On February 23, the Marines captured Mount Suribachi, a mountain on the south side of the island. A flag was raised and photos were taken by Louis R. Lowery; these photos weren't published until 1947. Six Marines raised a second flag, and AP photographer Joe Rosenthal took a picture of them. Known as "Raising the Flag on Iwo Jima," the photo won the Pulitzer Prize for Photography in 1945.
After the capture of Mount Suribachi, the battle continued on the northern part of the island, with the Americans working to secure the other airfields and the rest of Iwo Jima. The Japanese began running low on water, food, and other supplies, and as they became more desperate, they launched some banzai charges. The final banzai attack took place on March 25. The United States declared Iwo Jima captured the following day, although Japanese "holdouts" continued to be found in the coming weeks. During that time, about 1,600 Japanese soldiers were killed, and some American casualties took place. Remarkably, two holdouts remained on the island until 1949. Of the 21,000 Japanese forces, all but about 200 died. Of the 70,000 Marines involved, about 7,000 died. Over 25,000 Marines were casualties, meaning they were either killed or wounded.
In the aftermath, the wisdom of sacrificing so much for Iwo Jima was called into question. The Army never use the island as a staging area, nor did the Navy use the island as a base for their fleet. However, the Navy Seabees did rebuild the airfields, and it was used as an emergency landing space for the Air Force, although it was not utilized much.
On the 40th anniversary of the invasion, February 19, 1985, a "Reunion of Honor" took place on the beach where the Americans had invaded. Both sides attended, with the Japanese gathering on the mountain side and Americans gathering on the beach side. A memorial was placed in the center of the meeting place. Another gathering took place on the 50th anniversary in 1995, and a gathering has been held annually since 2002. In 1954, the Marine Corps War Memorial, which honors all Marines, was dedicated near Arlington National Cemetery. It is also known as the Iwo Jima Memorial and is based on Rosenthal's Mount Suribachi photograph. As those who fought at Iwo Jima recede into the sunset of memory, just as their comrades who died on its beach and mountains did decades ago, we remember their sacrifice on this hallowed day.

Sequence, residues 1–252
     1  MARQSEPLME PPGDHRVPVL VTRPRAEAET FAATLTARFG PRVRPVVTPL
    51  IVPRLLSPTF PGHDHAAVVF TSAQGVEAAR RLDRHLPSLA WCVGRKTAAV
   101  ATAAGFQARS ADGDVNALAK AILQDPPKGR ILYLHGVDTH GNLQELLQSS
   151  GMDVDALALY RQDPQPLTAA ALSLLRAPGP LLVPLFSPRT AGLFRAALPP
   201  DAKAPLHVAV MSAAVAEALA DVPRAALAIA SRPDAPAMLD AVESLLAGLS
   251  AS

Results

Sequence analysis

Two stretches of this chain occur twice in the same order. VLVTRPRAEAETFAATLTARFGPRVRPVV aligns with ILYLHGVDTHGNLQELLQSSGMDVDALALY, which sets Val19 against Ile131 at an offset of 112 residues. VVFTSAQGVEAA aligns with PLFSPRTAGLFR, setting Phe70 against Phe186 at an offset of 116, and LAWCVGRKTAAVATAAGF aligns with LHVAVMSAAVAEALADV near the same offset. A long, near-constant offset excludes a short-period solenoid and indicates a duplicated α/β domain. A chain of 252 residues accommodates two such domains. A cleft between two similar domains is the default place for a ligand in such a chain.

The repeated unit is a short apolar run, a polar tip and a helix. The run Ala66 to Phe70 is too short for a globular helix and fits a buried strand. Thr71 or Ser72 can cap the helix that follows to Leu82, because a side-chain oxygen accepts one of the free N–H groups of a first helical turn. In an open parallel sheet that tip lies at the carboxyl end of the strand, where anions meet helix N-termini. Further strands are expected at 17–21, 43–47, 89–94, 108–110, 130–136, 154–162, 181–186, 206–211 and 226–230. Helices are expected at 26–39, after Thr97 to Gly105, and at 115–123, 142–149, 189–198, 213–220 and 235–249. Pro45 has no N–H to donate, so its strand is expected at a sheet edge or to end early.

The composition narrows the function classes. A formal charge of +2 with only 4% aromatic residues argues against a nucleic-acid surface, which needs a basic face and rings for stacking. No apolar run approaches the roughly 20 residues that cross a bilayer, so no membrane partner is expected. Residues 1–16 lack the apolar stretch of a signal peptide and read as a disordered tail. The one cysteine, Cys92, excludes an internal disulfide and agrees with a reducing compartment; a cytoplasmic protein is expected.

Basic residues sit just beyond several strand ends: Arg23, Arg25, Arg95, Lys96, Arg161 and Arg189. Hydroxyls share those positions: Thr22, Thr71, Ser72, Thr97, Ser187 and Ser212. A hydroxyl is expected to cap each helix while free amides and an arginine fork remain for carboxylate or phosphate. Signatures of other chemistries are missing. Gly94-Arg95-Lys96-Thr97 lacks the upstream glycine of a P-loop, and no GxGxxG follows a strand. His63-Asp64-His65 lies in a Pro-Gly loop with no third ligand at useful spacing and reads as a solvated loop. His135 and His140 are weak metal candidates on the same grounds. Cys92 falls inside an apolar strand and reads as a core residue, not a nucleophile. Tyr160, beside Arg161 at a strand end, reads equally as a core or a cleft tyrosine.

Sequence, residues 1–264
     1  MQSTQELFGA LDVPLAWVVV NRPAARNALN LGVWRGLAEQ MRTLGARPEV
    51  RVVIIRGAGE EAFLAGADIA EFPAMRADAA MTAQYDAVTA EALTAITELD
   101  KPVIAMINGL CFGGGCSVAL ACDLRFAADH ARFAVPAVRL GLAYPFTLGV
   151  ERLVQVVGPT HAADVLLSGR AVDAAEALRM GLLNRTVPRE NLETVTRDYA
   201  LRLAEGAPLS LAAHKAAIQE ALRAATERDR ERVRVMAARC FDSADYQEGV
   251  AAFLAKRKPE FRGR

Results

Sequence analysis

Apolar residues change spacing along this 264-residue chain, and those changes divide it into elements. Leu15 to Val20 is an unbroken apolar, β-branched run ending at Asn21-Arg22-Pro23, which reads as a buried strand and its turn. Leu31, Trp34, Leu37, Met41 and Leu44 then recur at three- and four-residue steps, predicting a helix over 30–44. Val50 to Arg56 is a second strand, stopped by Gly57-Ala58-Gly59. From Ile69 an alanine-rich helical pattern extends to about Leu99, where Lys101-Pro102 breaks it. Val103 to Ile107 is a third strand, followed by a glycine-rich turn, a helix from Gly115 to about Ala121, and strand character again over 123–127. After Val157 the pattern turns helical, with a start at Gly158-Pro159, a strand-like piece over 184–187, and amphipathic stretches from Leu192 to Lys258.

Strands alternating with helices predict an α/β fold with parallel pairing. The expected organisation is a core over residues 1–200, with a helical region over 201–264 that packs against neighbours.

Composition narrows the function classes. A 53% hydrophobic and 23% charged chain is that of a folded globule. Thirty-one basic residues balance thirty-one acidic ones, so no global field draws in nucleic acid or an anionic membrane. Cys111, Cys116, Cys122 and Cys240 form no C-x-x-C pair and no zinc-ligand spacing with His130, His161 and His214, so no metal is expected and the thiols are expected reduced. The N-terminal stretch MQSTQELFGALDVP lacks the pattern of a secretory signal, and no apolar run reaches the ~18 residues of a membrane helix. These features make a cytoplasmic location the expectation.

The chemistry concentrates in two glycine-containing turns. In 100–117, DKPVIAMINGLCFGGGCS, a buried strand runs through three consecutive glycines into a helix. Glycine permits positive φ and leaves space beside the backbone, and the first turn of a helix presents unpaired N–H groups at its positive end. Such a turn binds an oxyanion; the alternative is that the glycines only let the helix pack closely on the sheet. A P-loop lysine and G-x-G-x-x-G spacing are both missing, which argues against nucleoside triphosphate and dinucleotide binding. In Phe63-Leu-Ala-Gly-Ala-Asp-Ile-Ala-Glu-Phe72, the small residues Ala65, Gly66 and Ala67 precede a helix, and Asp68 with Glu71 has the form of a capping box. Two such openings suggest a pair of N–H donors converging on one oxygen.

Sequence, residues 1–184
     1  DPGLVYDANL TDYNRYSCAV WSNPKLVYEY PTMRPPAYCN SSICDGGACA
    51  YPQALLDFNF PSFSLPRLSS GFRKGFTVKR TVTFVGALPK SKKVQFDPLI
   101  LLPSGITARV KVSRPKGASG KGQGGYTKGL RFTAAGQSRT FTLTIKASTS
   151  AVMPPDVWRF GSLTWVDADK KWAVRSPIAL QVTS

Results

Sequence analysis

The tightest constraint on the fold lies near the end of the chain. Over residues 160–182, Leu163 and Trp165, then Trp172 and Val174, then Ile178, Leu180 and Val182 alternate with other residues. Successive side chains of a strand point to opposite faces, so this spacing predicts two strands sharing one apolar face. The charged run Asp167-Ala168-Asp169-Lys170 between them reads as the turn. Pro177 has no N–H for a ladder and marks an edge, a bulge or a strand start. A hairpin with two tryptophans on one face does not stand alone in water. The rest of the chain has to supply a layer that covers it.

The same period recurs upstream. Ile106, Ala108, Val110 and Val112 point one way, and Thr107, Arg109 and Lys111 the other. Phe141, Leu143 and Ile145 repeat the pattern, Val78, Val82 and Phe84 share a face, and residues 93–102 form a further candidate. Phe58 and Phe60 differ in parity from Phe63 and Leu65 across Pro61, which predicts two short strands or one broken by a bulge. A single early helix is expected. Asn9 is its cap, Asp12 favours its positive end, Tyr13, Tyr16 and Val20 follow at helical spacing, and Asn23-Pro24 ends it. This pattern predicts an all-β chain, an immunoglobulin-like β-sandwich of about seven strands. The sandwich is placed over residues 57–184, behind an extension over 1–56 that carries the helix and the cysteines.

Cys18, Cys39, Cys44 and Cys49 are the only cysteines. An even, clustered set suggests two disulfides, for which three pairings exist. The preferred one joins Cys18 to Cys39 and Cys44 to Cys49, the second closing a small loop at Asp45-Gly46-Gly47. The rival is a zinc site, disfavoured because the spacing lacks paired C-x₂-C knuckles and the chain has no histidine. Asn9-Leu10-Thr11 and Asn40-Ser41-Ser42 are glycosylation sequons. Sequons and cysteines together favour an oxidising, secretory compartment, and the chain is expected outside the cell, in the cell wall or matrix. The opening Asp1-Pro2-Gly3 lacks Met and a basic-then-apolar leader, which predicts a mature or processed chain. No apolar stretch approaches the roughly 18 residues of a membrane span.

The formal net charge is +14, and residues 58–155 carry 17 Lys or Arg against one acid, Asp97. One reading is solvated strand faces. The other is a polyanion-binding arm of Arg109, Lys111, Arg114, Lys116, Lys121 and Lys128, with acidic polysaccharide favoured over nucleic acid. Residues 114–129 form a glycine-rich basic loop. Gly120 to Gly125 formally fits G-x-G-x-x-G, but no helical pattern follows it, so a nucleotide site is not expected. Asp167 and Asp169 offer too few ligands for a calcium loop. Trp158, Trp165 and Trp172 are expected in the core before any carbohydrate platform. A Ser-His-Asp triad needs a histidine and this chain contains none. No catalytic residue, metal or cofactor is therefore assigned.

How to Observe Iwo Jima Day
Without a doubt, the best way to observe the day is to be on Iwo Jima island, where Mount Suribachi could be climbed or the memorial marker and "Reunion of Honor" could be seen. Other places that could be visited on the day include the Massachusetts State House, where a ceremony takes place; the Marine Corps War Memorial; or the National World War II Museum. There are many films that would be appropriate to view today, such as Flags of Our Fathers, Letters from Iwo Jima, Sands of Iwo Jima, or The Outsider. You could watch a documentary about Iwo Jima, such as Episode 6 of The War or To the Shores of Iwo Jima. The miniseries The Pacific is another option. Finally, you could also read a book about the battle.